R&B music is our culture. R&B music is black culture, and if we don’t cultivate it and keep it in a place where it evolves, it will continue to stagnate. Country music has their own music and stations. It doesn’t matter how old you are, we’re going to play your music. We’re going to play Carrie Underwood, we’re going to play Keith Urban or Johnny Nash. I think the same thing should be applied to R&B music.

If His Son Gerald An His Group ‘Levert’ Received Enough Recognition: No, they didn’t! And that’s one of the biggest problems that my son had with the business. He felt like he was writing meaningful songs but they would never play it. And when he was 30, they were already calling him old school.

Soul Train Awards’ Soul Cypher with Lalah Hathaway, K-Ci Hailey, & Chrisette Michele: They called me up and said Erykah Badu requested me to be a part of the Soul Cypher. Now my first thought was what am I going to do with all of these young kids? They are going to run all over me (laughing).  Then I thought about how am I going to look with Chrisette Michele, Lalah Hathaway, and K-Ci. Now how do I come in and stand in my own lane? I don’t want it to look like I’m trying to be something that I am not. When I heard the music, I was like I have this record, “Did I Make You Go Ooh,” and I think I can sing this at the cypher and make it work. And I think it worked for me because they didn’t cast me out. I was trying to show that I can adjust to what’s going on and I can take my music, put it into your genre, and make it work. I was very proud of myself, but I was unsure. I kept asking my wife, “How was I?”

It wasn’t like, “look at this old man, take him out!” or nothing like that, at all. I think it was a great thing.

Wife, Raquel: He was just himself. He was like “Should I do this, should I do that?” and I told him to just be you.

Favorite R&B Artists Today: I like R. Kelly, John Legend, Beyonce, Mary J. Blige. I’m not into a thing where it all has to be perfect. I think Jill Scott is really great, and she is taking it to the next level. She is trying to get in the zone where Aretha Franklin is and handles her business. It comes off good. I like Bruno Mars, and I like what he does. I think he brought old school and funk in his music. I think without that old school and funky flavor, I don’t think he would be quite as successful he is now.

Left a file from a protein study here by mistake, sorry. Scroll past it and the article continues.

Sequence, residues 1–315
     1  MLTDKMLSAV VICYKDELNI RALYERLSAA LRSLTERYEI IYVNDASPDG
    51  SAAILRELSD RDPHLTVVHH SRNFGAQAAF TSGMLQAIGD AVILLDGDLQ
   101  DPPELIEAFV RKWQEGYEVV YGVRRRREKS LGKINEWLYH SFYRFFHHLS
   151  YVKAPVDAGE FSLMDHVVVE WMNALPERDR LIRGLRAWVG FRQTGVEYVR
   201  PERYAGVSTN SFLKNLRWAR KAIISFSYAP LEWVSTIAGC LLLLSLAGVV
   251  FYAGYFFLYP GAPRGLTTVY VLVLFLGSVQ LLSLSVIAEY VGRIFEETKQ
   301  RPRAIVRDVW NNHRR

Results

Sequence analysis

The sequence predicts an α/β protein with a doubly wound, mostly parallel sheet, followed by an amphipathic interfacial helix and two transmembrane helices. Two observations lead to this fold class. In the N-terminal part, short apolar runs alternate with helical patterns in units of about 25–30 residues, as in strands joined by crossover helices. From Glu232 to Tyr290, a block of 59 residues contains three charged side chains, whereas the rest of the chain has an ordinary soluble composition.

Favorite O’Jays Records to Perform: One of my favorite O’Jays records is “Backstabbers.” I love the message and the music that goes with it. I also like “She Used to Be My Girl.” There’s a lot of them that I like, but my favorites are “Cry Together,” ‘Let Me Make Love to You,” and “Love Train.” I love “Love Train” because it was a five-minute song that was made up in the studio. The song was not a song until we got in there to complete the record. The record is still going strong, and it’s played everywhere. It amazes me now that when they hear the song, they act like the song is out right now. I see older people (I mean people older than me) dancing to this record. There was a guy, and he had to be in his 80’s. We were up in Boston, and this old man jumped up and danced to “Love Train.” I was always impressed with how our music brings people together.

What Makes The O’Jays Legends: I think it’s those songs. I think it’s the messages in our songs. We were able to go into people’s homes and into their families with “Family Reunion.” We were able to go into their bedrooms with “Cry Together” and “Let Me Make Love to You.” Anytime you can get that close to people with your music, you’re very much into their lives. I think once you start affecting their lives, then that makes you a legend.

Upcoming Projects for The O’Jays: We are getting ready to go in the studio and record another O’Jays album with Ron Fair, who did our Emotionally Yours album. We would probably spend this year recording The O’Jays album, but in the meantime, we all are doing individual projects.